This work was supported by Health and Labor Sciences Research Grants (Research on Risk of Chemical Substance 21340601, H21-kagaku-ippan-008, H24-kagaku-ippan-009 and H22-kagaku-ippan-005) from the Ministry of Health, Labor and Welfare, Japan. We thank A. Iezaki for her excellent secretarial assistance for the work.

Conflict of interest

The authors declare that they have no conflict of interest.

Supplementary material

204_2013_1086_MOESM1_ESM.pdf (669 kb)
Supplementary material 1 (PDF 668 kb)


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© The Author(s) 2013

Open AccessThis article is distributed under the terms of the Creative Commons Attribution License which permits any use, distribution, and reproduction in any medium, provided the original author(s) and the source are credited.

Authors and Affiliations

  • Jiegou Xu
    • 1
    • 2
  • Mitsuru Futakuchi
    • 2
  • David B. Alexander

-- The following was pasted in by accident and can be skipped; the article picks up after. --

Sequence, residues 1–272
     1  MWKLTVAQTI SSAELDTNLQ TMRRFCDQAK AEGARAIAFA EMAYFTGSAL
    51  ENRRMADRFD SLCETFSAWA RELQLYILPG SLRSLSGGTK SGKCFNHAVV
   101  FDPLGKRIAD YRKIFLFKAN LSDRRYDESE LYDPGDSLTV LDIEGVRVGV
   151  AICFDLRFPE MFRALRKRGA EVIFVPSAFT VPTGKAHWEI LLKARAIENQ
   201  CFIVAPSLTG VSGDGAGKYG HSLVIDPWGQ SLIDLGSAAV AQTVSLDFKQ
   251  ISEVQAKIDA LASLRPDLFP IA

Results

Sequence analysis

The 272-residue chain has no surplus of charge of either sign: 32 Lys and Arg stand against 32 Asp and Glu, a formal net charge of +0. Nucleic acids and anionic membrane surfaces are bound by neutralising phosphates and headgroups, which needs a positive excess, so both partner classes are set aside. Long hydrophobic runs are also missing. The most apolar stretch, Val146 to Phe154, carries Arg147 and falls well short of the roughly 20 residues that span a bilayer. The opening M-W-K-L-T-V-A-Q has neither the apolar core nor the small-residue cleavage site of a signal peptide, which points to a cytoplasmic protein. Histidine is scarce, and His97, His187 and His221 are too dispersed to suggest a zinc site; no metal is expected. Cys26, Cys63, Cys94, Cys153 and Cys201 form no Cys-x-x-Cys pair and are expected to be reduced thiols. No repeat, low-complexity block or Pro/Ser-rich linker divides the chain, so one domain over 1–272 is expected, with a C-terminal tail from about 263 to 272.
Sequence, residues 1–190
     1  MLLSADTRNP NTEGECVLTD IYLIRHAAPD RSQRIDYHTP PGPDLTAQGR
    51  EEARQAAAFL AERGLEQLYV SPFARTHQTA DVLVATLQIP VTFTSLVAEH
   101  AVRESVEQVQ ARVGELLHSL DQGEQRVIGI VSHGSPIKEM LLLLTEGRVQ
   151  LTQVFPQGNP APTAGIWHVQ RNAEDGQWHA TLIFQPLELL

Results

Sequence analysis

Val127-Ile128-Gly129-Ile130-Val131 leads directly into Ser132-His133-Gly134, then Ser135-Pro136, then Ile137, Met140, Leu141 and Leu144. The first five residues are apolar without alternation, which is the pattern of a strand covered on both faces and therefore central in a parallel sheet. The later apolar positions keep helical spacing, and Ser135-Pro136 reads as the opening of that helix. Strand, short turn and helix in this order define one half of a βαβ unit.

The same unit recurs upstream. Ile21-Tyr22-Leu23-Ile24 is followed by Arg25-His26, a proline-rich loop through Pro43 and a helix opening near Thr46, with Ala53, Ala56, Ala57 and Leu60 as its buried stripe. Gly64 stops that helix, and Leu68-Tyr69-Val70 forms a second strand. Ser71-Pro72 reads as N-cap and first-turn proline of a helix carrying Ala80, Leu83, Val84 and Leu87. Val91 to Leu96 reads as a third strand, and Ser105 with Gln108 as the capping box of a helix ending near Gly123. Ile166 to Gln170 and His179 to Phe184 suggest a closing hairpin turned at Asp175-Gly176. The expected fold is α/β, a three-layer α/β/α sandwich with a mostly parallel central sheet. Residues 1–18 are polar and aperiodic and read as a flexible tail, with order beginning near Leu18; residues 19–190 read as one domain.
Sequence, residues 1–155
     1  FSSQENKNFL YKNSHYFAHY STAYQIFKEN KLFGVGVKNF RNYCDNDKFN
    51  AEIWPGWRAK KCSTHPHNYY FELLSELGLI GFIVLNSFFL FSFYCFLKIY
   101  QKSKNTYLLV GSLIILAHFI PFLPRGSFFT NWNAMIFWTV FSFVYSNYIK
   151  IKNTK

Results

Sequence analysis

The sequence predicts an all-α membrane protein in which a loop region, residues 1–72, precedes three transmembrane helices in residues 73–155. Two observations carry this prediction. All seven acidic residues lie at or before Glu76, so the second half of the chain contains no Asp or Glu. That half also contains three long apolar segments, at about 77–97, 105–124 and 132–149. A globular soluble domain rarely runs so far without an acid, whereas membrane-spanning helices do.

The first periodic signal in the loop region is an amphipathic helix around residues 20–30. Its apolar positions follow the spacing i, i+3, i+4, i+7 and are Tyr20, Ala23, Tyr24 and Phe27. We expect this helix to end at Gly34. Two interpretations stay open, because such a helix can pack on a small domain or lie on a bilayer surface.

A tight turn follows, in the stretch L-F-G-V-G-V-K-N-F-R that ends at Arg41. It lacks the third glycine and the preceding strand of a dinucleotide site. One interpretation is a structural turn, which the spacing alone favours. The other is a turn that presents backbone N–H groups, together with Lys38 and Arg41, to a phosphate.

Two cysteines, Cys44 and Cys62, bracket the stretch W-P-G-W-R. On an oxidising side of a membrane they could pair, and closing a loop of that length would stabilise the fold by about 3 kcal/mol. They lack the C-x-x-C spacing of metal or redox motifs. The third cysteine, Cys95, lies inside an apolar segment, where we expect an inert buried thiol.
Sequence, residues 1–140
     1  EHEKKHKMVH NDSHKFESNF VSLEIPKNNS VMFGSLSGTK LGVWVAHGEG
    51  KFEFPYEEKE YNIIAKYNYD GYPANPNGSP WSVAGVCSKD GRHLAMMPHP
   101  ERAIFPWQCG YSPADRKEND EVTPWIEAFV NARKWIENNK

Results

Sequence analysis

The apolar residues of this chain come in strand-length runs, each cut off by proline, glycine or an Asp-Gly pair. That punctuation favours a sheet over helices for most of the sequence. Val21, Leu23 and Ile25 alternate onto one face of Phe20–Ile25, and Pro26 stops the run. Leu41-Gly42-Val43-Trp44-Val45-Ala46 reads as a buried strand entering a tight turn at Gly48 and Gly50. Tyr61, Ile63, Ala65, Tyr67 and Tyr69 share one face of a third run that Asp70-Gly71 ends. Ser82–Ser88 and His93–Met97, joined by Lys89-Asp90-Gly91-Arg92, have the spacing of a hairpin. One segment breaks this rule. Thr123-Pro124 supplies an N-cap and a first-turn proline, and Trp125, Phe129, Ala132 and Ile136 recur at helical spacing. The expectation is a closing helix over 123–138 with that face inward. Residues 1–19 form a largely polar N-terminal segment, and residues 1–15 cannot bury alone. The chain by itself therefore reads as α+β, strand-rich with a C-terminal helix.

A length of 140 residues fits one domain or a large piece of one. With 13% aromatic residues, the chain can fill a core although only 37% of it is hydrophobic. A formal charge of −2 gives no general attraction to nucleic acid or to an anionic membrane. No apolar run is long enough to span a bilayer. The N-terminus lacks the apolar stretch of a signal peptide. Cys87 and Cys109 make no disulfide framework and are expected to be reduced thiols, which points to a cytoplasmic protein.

• 1
  • Katsumi Fukamachi
    • 2
  • Takamasa Numano
    • 2
  • Masumi Suzui
    • 2
  • Hideo Shimizu
    • 3
  • Toyonori Omori
    • 4
  • Jun Kanno
    • 5
  • Akihiko Hirose
    • 5
  • Hiroyuki Tsuda
    • 1
    Email author
  1. 1.Laboratory of Nanotoxicology ProjectNagoya City UniversityNagoyaJapan
  2. 2.Department of Molecular ToxicologyNagoya City University Graduate School of Medical SciencesNagoyaJapan
  3. 3.Core LaboratoryNagoya City University Graduate School of Medical SciencesNagoyaJapan
  4. 4.Department of Health Care Policy and ManagementNagoya City University Graduate School of Medical SciencesNagoyaJapan
  5. 5.National Institute of Health SciencesTokyoJapan